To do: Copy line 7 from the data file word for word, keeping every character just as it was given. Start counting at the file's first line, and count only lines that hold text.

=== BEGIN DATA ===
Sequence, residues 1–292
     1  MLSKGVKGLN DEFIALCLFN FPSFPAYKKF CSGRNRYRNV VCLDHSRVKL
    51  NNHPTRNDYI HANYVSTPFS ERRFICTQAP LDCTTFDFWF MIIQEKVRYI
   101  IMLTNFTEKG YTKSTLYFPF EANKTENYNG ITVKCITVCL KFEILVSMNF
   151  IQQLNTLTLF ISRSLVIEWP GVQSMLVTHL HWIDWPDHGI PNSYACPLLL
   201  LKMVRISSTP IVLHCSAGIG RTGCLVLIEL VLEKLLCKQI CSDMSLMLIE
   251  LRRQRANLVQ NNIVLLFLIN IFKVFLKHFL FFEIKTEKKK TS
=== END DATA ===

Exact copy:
   251  LRRQRANLVQ NNIVLLFLIN IFKVFLKHFL FFEIKTEKKK TS